Hollywood actor Tony Hale is tapping into superpowers that don’t involve lifting up cars or flying through the air for his new TV series ‘The Mysterious Benedict Society’, out now in the UAE.
The adventure series based on a book written by Trenton Lee Stewart is about four gifted orphans who are recruited by an eccentric benefactor to go on a secret mission. In it, Hale plays two very different twin brothers — Mr Benedict and Mr Curtain.
The actor, who made his mark playing the hilariously awkward Buster in the comedy ‘Arrested Development’, told Gulf News in a Zoom interview that the Young Adult series will encourage people of all ages to find strength in their compassion, intelligence and inner voice.
Could you tell me a bit about ‘The Mysterious Benedict Society’ and the role that you play?
So when the series begins something called ‘The Emergency’ is happening and it’s kind of sending everybody into this panic and anxiety, but no one can really kind of put their finger on where it’s coming from. I play a character named Mr Benedict who gathers these four kids together to find the source. And I think, what I love the most about the show or one of the things I like the most is these kids don’t have magical powers but their superpower is their intellect, their creativity and their empathy. And that is what they use for the entire series and it’s just a really fun adventure.
In the show you play twins. What was that like?
You know, daunting at first ... I think the key to doing characters like that is you have to find yourself in those characters. Because if you don’t then you’re just going to be kind of playing an idea of the characters — like good guy vs villain, rather than trying to find the humanity. So it was definitely a challenge. Phil Hay and Matt Manfredi wrote the scripts and they just did a fantastic job of kind of colouring these characters and so I had a lot to work with.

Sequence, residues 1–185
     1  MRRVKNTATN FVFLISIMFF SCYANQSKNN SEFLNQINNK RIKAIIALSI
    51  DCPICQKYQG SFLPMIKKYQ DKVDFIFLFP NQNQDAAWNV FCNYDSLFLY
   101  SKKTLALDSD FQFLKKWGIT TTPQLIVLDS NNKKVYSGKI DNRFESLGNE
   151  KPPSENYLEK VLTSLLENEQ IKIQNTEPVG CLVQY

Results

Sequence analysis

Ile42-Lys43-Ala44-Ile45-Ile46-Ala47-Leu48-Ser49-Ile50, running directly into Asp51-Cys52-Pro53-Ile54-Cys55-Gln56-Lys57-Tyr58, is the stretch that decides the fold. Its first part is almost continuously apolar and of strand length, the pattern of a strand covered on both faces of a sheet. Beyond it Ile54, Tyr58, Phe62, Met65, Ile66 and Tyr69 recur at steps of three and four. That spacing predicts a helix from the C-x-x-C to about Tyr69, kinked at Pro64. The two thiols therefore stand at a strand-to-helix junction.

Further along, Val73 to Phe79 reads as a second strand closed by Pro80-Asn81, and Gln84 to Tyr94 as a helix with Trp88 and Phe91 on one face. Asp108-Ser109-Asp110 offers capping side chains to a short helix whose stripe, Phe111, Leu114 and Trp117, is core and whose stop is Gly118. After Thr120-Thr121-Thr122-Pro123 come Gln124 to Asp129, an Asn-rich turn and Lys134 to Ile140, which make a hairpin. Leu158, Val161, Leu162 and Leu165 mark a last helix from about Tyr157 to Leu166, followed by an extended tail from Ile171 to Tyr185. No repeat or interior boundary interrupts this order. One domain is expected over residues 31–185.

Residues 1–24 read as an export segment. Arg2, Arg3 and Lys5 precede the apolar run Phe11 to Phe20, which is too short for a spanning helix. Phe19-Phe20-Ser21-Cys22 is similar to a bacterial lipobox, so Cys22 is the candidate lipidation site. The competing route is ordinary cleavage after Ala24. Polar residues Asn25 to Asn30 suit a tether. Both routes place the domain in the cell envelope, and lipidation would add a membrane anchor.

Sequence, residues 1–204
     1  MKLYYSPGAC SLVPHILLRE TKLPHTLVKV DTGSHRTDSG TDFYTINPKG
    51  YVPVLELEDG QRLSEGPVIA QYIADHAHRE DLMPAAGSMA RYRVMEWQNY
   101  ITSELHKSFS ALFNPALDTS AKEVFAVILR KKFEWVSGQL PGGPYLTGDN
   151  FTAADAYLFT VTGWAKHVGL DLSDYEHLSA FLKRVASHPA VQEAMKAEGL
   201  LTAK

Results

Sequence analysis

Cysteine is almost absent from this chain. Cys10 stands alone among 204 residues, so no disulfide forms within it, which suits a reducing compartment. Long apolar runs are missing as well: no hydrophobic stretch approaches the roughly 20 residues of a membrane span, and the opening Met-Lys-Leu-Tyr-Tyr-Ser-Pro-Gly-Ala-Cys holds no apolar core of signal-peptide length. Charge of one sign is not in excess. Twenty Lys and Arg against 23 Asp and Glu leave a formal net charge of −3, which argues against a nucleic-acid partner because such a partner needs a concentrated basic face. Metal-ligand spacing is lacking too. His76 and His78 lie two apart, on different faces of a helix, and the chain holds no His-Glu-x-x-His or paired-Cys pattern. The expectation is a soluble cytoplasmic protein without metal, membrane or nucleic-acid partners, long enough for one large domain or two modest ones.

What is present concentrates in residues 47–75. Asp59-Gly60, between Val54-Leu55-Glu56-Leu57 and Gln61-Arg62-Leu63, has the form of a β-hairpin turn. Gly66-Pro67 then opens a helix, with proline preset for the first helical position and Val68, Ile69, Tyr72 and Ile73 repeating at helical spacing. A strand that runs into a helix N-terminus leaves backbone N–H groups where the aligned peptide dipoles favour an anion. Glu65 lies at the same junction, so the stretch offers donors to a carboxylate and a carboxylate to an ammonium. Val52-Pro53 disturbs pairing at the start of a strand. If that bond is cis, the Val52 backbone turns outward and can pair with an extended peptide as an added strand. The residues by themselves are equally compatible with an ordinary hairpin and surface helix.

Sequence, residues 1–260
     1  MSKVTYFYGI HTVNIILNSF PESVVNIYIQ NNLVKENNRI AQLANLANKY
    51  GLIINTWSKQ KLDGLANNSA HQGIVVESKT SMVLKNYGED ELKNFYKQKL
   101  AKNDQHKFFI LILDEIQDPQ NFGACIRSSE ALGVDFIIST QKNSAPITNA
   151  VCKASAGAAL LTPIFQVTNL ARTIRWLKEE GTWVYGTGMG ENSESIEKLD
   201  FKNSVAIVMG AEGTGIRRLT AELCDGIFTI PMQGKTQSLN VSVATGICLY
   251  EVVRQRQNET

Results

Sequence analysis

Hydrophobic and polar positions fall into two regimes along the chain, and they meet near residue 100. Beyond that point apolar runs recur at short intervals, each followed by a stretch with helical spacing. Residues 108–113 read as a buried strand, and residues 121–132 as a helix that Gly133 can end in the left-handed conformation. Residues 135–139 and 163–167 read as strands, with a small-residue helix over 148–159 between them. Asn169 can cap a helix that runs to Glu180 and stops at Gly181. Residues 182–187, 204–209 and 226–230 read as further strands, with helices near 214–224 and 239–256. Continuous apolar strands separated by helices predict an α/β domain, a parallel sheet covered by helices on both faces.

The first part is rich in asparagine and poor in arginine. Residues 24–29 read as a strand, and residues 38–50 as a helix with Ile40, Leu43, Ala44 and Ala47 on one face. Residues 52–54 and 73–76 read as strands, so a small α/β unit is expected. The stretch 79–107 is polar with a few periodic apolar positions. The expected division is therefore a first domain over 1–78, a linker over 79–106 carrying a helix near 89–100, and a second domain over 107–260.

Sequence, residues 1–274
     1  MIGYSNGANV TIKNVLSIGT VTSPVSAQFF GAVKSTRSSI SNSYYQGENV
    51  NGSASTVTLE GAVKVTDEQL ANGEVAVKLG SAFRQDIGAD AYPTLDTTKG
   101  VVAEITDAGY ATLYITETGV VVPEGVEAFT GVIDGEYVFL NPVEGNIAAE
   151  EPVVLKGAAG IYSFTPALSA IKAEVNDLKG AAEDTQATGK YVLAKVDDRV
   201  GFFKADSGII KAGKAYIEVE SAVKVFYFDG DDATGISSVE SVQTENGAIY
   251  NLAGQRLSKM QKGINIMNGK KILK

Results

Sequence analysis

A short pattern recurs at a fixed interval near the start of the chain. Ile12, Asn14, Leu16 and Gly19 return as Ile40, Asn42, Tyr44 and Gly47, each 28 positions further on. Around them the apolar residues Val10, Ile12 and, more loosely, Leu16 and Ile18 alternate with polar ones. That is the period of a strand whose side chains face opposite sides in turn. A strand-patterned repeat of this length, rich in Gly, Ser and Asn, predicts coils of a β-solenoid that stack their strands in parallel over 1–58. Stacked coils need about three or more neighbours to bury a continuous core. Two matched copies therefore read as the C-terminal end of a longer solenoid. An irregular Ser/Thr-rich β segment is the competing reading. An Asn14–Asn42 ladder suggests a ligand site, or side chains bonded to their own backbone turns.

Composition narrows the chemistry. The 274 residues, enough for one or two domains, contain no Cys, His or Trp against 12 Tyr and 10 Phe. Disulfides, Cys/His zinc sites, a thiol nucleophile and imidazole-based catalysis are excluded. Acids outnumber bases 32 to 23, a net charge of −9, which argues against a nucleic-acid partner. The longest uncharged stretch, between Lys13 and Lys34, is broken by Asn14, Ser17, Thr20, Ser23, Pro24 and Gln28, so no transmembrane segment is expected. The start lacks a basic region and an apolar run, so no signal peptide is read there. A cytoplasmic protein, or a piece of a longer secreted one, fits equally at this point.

The two characters have different personalities, but it’s not black or white. How did you get into the shoes of each character?
Mr Benedict is kind of the affable compassionate character with the kids and then his brother [Mr Curtain] could be deemed the evil twin, but I came in seeing him as just feeling very misunderstood and he had had trauma in his life and it kind of caused him to be this way. Because when I do that, it gives me a little more compassion for the character rather than making them out to be evil cardboard cut-out character types.
This is probably one of your first times doing this kind of show for young people. What were your expectations going in and how did you feel working on such a project?
When the show was brought to my attention I was very excited about the idea of playing twins. That’s a challenge I really loved. I read the book, I was excited, and then the pandemic hit. It kind of opened my purpose for doing it because the show talks about how what could be called superpowers, like empathy and intellect and your uniqueness, rise above the noise and negative messaging we get all the time.
I feel like after the year we’ve had where there’s been so much noise, when you’ve heard voices of truth — because this show is all about trying to find the truth — they fully resonate with us. So I felt like my purpose for doing it got bigger than just the challenge of playing two characters.
What do you hope audiences, whether they’re kids or adults, take away from the show?
I think a couple of things. I mean it’s a really fun escape. It’s full of adventure, full of surprises, it’s funny. So I’m excited just to give people that escape for the whole family to watch together. I love Marvel movies ... but I also know that I can’t have you cobwebs coming out of my hands and I don’t have supernatural strength ... but I want [kids] to see this [show] and know that they do have the superpower of empathy, of trying to find truth, and their intellect and their creativity. These are powers that can bring change in the world.
Don’t miss it!
‘The Mysterious Benedict Society’ airs on OSN.